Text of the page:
Ask Allison – Improve Hitting the Cueball

I was wondering how to improve hitting the cue ball when it’s frozen to the rail. How do you adjust your stance and bridging?

The first thing you have to realize is that you can only make contact with the very top of the cue ball, which means you can do very little as far as position play goes. The most important thing is to make the shot you are going for, whether it is pocketing the ball or playing safe. The first thing to do is to make a steady bridge. The best bridge you can use is the rail because it is solid and will not move; therefore, we are going to make use of it. Lay the cue on the rail and then position your hand around the cue. This can be done two ways:

• Using an open-hand bridge with the fingertips of maybe two or three fingers pushing against the table. Even though the cue is resting on the rail, part of it will cross over the thumb and index finger where the “V” is created.

• Lay the cue down crossing the rail and then place your index finger over the cue and rest the other side of the cue against your middle finger and thumb. These two fingers will create a straight line for the cue. A good visual for this is to imagine an open-hand bridge with your thumb going underneath the fingers resting against the middle finger.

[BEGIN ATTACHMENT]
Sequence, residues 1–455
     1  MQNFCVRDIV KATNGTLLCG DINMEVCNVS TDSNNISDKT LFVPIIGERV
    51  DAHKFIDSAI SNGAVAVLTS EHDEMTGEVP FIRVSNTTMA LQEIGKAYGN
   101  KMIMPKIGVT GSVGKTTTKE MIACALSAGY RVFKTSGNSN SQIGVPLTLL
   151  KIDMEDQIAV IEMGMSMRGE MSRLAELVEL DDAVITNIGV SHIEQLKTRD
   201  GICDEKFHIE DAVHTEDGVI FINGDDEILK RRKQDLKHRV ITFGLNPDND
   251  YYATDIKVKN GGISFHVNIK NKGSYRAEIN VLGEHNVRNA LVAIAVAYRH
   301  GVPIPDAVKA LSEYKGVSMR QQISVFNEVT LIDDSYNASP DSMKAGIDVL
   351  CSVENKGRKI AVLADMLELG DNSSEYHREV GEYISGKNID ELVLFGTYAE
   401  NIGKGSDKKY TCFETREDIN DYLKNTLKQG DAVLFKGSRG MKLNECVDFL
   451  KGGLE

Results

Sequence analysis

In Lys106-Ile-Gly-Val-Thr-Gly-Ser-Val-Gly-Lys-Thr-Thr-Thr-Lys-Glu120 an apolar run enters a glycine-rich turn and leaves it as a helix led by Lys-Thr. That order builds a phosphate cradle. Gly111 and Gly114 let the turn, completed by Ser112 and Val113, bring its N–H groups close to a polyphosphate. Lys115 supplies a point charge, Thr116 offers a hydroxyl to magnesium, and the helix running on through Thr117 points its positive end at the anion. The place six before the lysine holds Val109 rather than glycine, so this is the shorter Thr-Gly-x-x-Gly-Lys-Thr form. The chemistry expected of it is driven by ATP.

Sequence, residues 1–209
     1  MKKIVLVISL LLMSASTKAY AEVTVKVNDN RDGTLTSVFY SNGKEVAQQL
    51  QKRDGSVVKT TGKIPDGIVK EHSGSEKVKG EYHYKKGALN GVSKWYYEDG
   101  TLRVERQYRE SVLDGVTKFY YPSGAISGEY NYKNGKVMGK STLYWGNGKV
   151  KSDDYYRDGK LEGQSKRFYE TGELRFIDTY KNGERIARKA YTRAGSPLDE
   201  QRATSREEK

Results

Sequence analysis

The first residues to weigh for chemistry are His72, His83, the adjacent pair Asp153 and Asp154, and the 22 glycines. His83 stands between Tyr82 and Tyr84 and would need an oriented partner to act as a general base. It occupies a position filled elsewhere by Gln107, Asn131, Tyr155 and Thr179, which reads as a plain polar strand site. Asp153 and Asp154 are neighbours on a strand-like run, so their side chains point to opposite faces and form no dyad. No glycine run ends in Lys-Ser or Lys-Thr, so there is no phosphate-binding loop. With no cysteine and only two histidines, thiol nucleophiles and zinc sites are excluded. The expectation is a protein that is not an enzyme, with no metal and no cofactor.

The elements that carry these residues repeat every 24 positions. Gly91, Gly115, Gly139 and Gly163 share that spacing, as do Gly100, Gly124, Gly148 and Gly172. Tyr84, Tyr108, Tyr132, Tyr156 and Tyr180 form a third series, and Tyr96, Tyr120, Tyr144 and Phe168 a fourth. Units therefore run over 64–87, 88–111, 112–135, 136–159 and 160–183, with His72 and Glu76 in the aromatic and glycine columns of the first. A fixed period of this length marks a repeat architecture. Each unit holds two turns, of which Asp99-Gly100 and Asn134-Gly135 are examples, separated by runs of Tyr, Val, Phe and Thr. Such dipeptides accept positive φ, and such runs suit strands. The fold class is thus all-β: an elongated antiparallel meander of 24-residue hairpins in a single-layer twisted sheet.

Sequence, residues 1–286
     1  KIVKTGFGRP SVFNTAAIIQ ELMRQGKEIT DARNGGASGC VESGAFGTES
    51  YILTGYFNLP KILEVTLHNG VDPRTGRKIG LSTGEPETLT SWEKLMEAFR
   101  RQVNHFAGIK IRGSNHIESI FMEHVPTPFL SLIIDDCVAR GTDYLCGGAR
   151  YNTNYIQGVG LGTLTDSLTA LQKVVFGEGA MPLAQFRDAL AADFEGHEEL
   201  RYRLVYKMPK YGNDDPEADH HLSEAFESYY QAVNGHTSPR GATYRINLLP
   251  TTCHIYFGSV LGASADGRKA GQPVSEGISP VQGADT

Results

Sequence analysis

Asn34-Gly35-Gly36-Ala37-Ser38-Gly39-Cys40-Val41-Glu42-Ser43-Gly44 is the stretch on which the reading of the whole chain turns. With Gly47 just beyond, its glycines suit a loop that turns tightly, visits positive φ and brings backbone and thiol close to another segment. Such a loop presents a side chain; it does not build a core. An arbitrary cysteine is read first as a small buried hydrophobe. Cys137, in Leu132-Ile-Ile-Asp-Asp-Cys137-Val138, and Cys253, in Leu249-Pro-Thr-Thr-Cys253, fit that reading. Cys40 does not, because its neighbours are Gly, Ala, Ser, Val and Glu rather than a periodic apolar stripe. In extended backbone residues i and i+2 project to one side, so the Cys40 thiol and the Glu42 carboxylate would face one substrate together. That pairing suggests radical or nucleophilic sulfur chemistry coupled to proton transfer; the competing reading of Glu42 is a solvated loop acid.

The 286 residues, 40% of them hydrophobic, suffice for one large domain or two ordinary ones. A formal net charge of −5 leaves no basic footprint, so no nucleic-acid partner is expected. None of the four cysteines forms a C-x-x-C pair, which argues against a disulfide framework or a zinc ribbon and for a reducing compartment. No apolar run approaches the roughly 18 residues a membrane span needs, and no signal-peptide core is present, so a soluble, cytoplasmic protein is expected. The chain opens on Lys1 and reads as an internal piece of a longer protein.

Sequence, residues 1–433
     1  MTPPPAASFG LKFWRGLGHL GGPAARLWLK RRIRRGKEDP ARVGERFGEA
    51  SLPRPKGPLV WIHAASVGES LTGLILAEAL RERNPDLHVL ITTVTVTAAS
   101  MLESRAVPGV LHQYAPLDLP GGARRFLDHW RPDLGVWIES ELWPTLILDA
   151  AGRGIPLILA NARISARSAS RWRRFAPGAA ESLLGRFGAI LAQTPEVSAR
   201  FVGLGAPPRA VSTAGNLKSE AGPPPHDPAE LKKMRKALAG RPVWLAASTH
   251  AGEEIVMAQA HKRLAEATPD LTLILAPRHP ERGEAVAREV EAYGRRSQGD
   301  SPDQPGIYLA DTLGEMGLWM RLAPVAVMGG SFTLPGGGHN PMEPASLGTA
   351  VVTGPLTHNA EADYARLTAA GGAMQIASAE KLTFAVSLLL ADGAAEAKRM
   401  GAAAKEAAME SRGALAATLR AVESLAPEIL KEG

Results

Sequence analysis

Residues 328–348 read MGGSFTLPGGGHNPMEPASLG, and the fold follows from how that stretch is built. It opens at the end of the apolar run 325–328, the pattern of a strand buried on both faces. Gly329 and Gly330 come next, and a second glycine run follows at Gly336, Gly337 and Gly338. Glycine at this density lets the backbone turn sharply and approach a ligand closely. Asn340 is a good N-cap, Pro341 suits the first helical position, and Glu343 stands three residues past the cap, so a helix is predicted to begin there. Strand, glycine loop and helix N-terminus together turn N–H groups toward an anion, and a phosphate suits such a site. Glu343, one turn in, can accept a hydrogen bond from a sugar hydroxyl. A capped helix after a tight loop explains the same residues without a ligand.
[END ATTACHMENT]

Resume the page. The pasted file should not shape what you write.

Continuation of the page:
As far as the body position goes, the most important thing is to make sure that your back hand still falls at 90 degrees from the elbow. Obviously when we are bridging from the rail with the cue ball frozen, we cannot swing the cue back very far; therefore, we have to move our back hand farther up the cue to create a well-controlled swing. Whenever you move the bridge hand closer, you must also adjust the back hand so that you are always accelerating on the shot. The body position is a little closer to the table, and I like to keep my left arm bent.

The cue stick should remain as level as possible without creating a miscue. Remember, only part of the tip is contacting the ball on a shot like this, so naturally we have to raise the butt end slightly and make sure to chalk the cue tip. If you raise the butt too much and have slight left or right english on the ball, the cue ball will curve off in that direction. Make sure to really look at the contact point on the cue ball.

A good practice for this shot is to place balls around the rails and practice shooting them into different pockets. This will help you build up your confidence and develop a good stroke.

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